The Mummy’s Curse [VHS]

The Mummy’s Curse [VHS]

The ancient dead walk.

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3 thoughts on “The Mummy’s Curse [VHS]

  1. 6 of 6 people found the following review helpful
    3.0 out of 5 stars
    The mummy’s on the loose and he’s dancin’ with the devil, September 20, 2003
    By 
    Daniel Jolley “darkgenius” (Shelby, North Carolina USA) –
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    This review is from: The Mummy’s Curse [VHS] (VHS Tape)
    Universal had pretty much milked the whole Kharis the mummy thing dry by the time this fourth and final Kharis movie was released in 1944. Even Lon Chaney doesn’t seem to care a whole lot about the project as he slides and stumbles his plodding way through the swamps of Louisiana. It’s really best not to question how Kharis and the ancient Egyptian princess Ananka wound up buried in a swamp in Cajun country; just accept it and go from there. Ananka, once she rises from the muck and gets herself cleaned off, is quite the dish this time around, although her whole schizophrenic, dual identity, amnesia thing can be a little off-putting. The beauty and doe-like eyes Virginia Christine brings to the role of Ananka helps explain why Kharis is still stubbornly pursuing her after more than three millennia. I mean this guy just won’t give up, nor will he take no for an answer. Every time he approaches Ananka, she runs away screaming, yet he just bows his filthy bandaged head and starts the whole search over again. At least the supporting cast is pretty good. You can’t help but like a guy called Cajun Joe – well, unless you’re an ancient mummy, anyway. And then there is my favorite character, the wide-eyed Goobie (Napoleon Simpson) who runs around hollering “The mummy’s on the loose and he’s dancin’ with the devil” every time something bad happens.
    The plot of this particular quartet of mummy films was really starting to wear thin by this point. You’ve got two Egyptian mummies calling Louisiana home, then you’ve got this new high priest who has come over to find Kharis and keep giving him the old “three Tana leaves” juice that keeps him going. You can’t even feel sorry for Kharis’ millennia-old love problems anymore because Ananka clearly wants nothing to do with the filthy, tongue-less collection of dirty linen strips. The fact that the film runs for barely an hour is indicative of the fact that the magic was all but gone by this point; there comes a time when the same old same old begins to sound rather silly, and The Mummy’s Curse comes close to crossing that line on several occasions.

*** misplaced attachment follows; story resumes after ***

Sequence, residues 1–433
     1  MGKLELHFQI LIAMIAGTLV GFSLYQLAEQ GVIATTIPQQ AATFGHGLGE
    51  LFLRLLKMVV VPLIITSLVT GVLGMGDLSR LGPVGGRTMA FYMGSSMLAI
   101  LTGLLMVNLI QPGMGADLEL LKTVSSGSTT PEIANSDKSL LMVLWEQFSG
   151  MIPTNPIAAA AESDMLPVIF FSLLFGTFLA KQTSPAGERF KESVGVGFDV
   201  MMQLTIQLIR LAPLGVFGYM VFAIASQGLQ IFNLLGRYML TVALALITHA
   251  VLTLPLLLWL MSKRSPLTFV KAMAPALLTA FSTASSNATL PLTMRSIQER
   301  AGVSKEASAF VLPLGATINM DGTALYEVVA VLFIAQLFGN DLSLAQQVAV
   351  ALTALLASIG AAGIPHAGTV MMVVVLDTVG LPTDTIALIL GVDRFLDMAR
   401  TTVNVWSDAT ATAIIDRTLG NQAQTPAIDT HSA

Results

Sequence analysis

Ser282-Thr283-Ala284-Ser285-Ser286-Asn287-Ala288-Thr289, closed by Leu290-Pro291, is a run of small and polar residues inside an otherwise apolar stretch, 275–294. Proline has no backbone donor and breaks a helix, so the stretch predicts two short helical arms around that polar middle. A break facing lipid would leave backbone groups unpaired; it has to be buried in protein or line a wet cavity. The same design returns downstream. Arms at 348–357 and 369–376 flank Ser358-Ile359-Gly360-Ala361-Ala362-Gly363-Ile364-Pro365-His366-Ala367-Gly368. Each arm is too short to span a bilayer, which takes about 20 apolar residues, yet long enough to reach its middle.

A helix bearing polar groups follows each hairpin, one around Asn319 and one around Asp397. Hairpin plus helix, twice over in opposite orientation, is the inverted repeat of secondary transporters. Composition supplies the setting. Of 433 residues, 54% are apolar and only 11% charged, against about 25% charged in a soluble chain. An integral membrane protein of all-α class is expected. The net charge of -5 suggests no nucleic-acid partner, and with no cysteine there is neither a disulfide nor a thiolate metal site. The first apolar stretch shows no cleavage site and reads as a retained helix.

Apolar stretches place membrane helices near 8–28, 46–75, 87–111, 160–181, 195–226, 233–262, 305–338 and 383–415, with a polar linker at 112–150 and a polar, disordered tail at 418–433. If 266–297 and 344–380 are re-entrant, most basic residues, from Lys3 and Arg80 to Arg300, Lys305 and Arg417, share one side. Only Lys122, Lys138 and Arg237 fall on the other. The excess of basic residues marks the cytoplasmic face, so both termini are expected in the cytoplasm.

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  2. 6 of 6 people found the following review helpful
    4.0 out of 5 stars
    Don’t believe the box, September 27, 2002
    By 
    Jeffrey Leeper “kem2070” (Seattle, WA USA) –
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    This review is from: The Mummy’s Curse [VHS] (VHS Tape)
    In reading the cover for this video, I read that the mummy Kharis will meet his princess Ananka and the two will “wreak havoc together.” I don’t know what the writer of these words saw, but it was not this movie. Although the mummy attacks those who get in his way, there is no duo of mummies doing anything.
    In this film, a public works crew is working to drain a swamp in the American South. Given the character of Cajun Joe, we can assume that this is Louisiana. As the crew is draining the swamp, the mummy is retrieved by his acolytes. With their knowledge of the sacred tanna leaves, they work to help Kharis find his princess. The movie gives us the battle between the modern age and the mystical times long ago.
    Lon Chaney, Jr. plays the mummy in this film. For the most part, he plays it well and sets the pace for any actor playing a mummy. The outstretched arm with the other arm close to the chest and the dragging foot all give us the standard for a mummy.
    I would recommend seeing this movie.

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  3. 3 of 3 people found the following review helpful
    5.0 out of 5 stars
    A Much better sequel than “Tomb” and “Ghost”, June 8, 1999
    By A Customer
    This review is from: The Mummy’s Curse [VHS] (VHS Tape)
    This final film in the series chronicling the adventures of Kharis the Mummy (still played by Lon Chaney) as he continues his quest to find princess Ananka. The is the best of the Mummy sequels Everything in it is perfect, just like in “The Mummy’s Hand.”

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